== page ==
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Also Read: Smaller parties, independents to the fore amid Cong’s slim lead

The big question, however, is what the results mean for 2024. To suggest that it has no meaning, and will have no impact, is wrong.

This is especially true in the case of the Congress. The win helps boost the morale of workers on the ground who are so accustomed to defeat that they often give up before the battle commences. It also gives the party the opportunity to raise resources in a context where the Congress is in power in only three other states. Even if the victory was due to the combined efforts of Siddaramaiah and DK Shivakumar, it helps burnish Rahul Gandhi’s reputation for Karnataka is one state where the Bharat Jodo Yatra appears to have had an electoral impact. It also raises the Congress’s profile within the larger national opposition and may make some other parties, who have been highly doubtful of the party’s political judgment and abilities, more amenable to the idea of working together. And if the Congress, which won just one Lok Sabha seat from Karnataka in 2019, can improve its tally even marginally next year, it will help.

For the BJP, the setback is an opportunity to go back to drawing board to understand why it was unable to expand its social coalition and why poorer voters and women, in particular, stayed away despite its welfare schemes. In 2019, the party won 26 of the state’s 28 Lok Sabha seats. Repeating the performance may have just got tougher, especially if the Congress government over the next year is able to sustain its social coalition and deliver on its promises. Saturday’s results will also play a role in how the BJP selects its candidates for the 2024 polls in the state.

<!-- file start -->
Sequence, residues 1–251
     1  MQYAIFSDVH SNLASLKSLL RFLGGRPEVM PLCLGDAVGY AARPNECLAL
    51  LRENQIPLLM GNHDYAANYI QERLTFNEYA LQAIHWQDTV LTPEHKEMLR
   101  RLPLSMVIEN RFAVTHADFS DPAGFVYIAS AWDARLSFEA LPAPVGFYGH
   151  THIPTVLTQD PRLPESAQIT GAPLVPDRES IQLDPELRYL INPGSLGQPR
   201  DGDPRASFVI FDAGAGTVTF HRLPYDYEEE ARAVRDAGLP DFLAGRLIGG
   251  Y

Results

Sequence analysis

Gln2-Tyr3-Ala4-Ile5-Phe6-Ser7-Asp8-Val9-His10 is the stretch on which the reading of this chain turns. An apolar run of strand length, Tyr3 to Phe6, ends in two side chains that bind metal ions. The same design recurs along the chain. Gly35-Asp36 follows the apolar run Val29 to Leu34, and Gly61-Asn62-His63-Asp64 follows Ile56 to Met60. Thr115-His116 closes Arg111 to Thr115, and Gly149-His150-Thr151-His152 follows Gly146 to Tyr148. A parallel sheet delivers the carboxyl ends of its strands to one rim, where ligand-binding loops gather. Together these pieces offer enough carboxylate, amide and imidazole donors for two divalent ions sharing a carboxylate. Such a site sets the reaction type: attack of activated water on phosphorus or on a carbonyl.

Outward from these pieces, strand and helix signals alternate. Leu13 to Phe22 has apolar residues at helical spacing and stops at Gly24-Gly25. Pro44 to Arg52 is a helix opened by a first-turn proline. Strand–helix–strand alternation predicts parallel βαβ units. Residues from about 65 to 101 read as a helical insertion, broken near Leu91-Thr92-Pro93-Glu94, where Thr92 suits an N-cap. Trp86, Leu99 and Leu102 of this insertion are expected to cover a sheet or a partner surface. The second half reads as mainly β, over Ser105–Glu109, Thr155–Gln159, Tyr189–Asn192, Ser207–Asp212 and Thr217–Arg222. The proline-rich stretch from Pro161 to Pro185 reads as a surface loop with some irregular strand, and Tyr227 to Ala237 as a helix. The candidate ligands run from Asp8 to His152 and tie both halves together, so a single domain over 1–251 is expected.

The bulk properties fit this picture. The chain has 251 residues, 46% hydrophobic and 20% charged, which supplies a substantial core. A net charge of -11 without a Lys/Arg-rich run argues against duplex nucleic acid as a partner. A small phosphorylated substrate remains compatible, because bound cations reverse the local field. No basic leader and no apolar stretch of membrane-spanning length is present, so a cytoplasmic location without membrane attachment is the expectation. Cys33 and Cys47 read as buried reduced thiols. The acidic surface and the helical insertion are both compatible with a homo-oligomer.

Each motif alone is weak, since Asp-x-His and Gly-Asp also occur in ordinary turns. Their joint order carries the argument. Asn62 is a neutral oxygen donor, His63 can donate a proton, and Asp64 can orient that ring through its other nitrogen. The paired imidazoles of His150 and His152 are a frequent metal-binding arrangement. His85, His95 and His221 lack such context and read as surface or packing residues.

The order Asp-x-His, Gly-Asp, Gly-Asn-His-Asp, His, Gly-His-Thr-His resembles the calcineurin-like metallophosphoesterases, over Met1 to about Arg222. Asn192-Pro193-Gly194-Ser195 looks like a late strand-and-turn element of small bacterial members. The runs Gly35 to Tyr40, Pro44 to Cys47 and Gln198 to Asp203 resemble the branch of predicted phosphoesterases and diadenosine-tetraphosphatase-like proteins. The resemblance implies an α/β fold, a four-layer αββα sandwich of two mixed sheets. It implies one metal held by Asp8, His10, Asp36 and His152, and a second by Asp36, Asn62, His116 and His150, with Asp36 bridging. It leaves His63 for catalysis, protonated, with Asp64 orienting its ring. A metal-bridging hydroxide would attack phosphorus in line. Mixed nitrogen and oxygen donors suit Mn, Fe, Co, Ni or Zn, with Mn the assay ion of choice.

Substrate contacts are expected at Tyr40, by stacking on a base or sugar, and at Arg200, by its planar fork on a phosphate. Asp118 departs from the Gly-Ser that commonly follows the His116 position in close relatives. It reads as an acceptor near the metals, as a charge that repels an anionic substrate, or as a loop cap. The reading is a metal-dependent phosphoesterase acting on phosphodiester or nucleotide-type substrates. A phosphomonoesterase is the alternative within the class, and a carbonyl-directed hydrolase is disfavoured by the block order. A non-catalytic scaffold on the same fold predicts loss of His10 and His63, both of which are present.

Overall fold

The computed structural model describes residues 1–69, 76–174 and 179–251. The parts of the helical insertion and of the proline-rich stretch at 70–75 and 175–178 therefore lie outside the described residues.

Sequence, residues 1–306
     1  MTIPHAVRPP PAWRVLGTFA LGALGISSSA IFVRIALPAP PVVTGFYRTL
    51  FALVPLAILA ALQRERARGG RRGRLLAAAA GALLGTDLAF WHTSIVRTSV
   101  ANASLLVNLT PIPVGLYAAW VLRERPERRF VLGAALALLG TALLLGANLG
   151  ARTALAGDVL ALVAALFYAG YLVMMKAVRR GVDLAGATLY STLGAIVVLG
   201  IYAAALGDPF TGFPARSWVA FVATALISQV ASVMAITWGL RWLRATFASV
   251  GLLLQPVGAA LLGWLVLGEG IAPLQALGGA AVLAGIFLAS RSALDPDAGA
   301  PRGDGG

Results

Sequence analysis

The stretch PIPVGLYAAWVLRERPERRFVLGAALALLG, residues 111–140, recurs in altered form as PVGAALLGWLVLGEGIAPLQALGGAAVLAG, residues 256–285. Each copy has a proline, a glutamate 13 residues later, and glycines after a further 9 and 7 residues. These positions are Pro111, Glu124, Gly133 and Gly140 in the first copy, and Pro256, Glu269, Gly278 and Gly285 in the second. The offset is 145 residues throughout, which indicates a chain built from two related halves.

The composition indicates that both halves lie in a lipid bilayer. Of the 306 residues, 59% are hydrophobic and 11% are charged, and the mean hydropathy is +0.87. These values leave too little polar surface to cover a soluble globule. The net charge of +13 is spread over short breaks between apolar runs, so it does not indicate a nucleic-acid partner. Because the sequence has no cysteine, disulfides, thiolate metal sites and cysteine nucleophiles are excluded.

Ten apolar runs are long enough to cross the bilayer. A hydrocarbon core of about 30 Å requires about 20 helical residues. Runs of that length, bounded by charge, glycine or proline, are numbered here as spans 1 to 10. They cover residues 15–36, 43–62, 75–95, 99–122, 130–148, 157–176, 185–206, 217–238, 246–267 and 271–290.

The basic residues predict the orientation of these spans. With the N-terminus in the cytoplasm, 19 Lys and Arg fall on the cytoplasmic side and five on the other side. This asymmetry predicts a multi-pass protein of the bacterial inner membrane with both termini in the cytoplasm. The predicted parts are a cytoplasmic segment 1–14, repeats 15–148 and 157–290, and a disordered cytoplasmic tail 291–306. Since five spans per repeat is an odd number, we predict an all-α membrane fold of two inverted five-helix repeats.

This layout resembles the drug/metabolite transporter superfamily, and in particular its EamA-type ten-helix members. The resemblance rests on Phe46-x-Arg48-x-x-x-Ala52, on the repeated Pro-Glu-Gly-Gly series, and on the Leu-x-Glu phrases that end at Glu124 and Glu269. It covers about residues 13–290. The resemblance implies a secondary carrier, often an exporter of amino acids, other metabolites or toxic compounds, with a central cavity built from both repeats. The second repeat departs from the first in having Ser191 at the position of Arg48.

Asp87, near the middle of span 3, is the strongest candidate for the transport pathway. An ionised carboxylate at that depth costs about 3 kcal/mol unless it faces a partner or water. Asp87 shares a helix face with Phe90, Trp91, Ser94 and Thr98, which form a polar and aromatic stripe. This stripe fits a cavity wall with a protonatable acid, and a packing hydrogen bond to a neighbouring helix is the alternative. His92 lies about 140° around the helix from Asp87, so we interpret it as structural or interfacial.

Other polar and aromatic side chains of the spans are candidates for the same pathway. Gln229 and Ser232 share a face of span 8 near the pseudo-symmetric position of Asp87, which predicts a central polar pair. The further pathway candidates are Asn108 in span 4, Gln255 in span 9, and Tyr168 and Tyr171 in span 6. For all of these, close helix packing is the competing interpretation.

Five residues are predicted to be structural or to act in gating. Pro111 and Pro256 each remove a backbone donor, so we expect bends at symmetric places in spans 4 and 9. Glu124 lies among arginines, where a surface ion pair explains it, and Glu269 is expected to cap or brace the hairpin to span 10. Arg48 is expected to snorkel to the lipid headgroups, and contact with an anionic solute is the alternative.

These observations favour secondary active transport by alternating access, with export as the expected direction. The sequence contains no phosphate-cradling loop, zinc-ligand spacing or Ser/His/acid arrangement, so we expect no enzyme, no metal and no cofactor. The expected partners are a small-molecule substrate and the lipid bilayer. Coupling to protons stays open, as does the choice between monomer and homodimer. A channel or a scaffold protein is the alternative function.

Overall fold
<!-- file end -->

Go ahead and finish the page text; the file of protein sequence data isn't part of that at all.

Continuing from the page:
But as tempting as it may be for the Congress and the BJP’s critics, it will be analytically incorrect and politically unwise to impose a larger national meaning to the Karnataka verdict for two reasons.

The first is obvious. Broadly speaking, after the first three years of the Narendra Modi government, where voters bought the idea of a “double engine” sarkar, state and national elections have followed their own, often divergent, trajectories.